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Admitting Dropouts Were Miscounted, Chicago Lowers Graduation Rates

Chicago Public Schools has lowered its official high school graduation rate following revelations that thousands of dropouts were being misclassified as transfers.

The official rate for 2014 was actually 66.3 percent, not 69.4 percent, officials said late Thursday. CPS also revised down the graduation rates for each year dating back to 2011.

Chicago's high school graduation rate before and after this week's downward revision.
/ Courtesy of Chicago Public Schools
Courtesy of Chicago Public Schools
Chicago's high school graduation rate before and after this week's downward revision.

Earlier this year, records obtained by WBEZ and the Better Government Association under the Illinois Freedom of Information Act revealed that, since 2011, at least 2,200 students across 25 district high schools had been counted as having transferred out of the district when, in reality, they should have been considered dropouts.

The investigation was featured by NPR Ed as part of the team's Graduation Rates project, which highlighted different ways districts and states were responding to pressure to raise their graduation rates, including some questionable quick fixes.

The earlier, higher figures for Chicago were a feature of the city's mayoral election, with Mayor Rahm Emanuel touting the rate as an achievement of his administration.

At just 25 CPS high schools, more than 1,000 students were mislabeled as moving out of town or going to private schools. But they had actually dropped out and were attending CPS alternative schools, the investigation found. More than 600 were listed as getting a GED. State law is clear that students who leave school to enroll in GED programs or attend alternative schools should be classified as dropouts.

One of the schools, Curie Metropolitan High School, labeled more than 100 dropouts every year as leaving to be home-schooled. For another 1,300 of the students classified as transfers, school officials had no explanation of what school they were supposedly transferring to or had listed them as going to different states or countries.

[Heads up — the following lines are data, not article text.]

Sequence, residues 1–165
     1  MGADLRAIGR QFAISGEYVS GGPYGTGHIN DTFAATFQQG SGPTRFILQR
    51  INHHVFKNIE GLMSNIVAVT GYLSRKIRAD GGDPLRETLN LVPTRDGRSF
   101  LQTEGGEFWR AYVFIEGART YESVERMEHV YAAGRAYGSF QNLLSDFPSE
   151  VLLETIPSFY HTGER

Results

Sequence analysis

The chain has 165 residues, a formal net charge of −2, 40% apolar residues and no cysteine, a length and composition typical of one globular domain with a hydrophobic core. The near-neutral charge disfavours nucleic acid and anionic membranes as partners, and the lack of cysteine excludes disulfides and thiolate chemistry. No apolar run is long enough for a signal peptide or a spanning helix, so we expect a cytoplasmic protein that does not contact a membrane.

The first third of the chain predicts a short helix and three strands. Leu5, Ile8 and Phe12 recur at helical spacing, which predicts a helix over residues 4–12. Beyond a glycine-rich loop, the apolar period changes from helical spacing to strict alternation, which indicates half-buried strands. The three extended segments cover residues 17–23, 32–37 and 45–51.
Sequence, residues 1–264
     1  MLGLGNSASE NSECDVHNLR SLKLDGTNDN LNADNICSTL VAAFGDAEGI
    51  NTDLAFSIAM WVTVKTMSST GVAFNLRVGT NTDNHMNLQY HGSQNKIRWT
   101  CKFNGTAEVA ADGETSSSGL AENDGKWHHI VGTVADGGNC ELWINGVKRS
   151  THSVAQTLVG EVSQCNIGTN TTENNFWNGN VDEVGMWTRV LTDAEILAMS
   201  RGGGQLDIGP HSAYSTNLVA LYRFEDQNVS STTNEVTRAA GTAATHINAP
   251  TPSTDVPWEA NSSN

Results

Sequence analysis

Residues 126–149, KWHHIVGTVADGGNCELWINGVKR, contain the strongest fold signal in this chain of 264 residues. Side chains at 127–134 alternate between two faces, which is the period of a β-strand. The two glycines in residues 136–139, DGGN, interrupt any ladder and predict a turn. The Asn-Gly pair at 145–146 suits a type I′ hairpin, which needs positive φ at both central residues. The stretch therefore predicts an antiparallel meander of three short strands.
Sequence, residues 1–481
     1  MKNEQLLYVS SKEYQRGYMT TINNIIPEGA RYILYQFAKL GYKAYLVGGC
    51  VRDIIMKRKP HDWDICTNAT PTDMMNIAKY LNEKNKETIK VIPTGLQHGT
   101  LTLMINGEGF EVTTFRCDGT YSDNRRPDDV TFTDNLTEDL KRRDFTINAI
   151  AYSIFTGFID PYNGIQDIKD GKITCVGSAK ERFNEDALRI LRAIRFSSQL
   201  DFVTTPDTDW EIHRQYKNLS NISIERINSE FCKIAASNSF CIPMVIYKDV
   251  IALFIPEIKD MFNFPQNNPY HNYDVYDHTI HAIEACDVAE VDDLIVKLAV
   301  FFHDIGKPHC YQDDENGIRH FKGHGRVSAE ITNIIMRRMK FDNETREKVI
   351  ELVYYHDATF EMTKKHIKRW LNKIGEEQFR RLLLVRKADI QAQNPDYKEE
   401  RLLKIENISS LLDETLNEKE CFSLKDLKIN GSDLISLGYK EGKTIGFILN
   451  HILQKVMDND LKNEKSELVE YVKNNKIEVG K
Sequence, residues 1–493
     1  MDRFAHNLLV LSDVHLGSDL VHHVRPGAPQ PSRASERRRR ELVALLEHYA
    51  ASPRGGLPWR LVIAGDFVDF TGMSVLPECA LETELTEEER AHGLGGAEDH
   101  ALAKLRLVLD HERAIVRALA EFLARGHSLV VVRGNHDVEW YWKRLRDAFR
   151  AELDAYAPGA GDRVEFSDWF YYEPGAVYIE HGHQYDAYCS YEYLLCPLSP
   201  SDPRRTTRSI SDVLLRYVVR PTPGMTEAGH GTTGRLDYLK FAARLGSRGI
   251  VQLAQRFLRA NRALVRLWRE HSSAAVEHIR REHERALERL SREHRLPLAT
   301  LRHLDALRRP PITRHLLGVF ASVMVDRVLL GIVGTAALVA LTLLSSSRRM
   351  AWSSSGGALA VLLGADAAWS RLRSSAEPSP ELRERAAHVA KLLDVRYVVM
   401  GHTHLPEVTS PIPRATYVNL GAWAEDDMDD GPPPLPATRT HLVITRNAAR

When asked in June, district officials acknowledged problemswith the system's accounting but said they had no plans to go back and adjust the numbers.

Announcing the new changes, John Barker, the district's chief of accountability, said all of those students, plus similar misclassifications at all of the district's 100-plus high schools, were put back into the calculation.

"So what you're seeing is an adjusted rate that's a little bit lower because you have more students in the denominator," Barker said.

Chief Education Officer Janice Jackson said the errors were concerning, but she's still encouraged that the trend is upward.

"The fact that more students have graduated did not change," Jackson said. "Even with the adjusted rate, we have more students as far as the number."

According to district data provided late Thursday, the raw number of graduates from 2014 to 2015 increased by 84 students, from 20,232 to 20,316 for a 2015 graduation rate of 69.9 percent. Barker could not immediately say how many dropouts had to be reclassified in the new 2015 rate.

Jackson said some of the recent gains are due to the aggressive expansion of for-profit alternative schools in the city, many of which provide half-day, mostly online programs that allow students to earn a diploma much more quickly than a traditional high school. She said the district won't be opening any more of those schools because CPS is in a financial crunch, not because some existing operators have been accused of questionable business practices.

Jackson acknowledged that principals and other staff could have felt pressure to improve their schools' public reputation.

"I don't doubt that there are some principals who feel a great degree of pressure," Jackson said. "We have to make sure that accountability comes with support.​"

Barker said the district is still planning to train school clerks to count dropouts more accurately and has developed an internal system to flag misclassifications sooner.

Becky Vevea is an education reporter for WBEZ. You can follow her @WBEZeducation.

Copyright 2015 WBEZ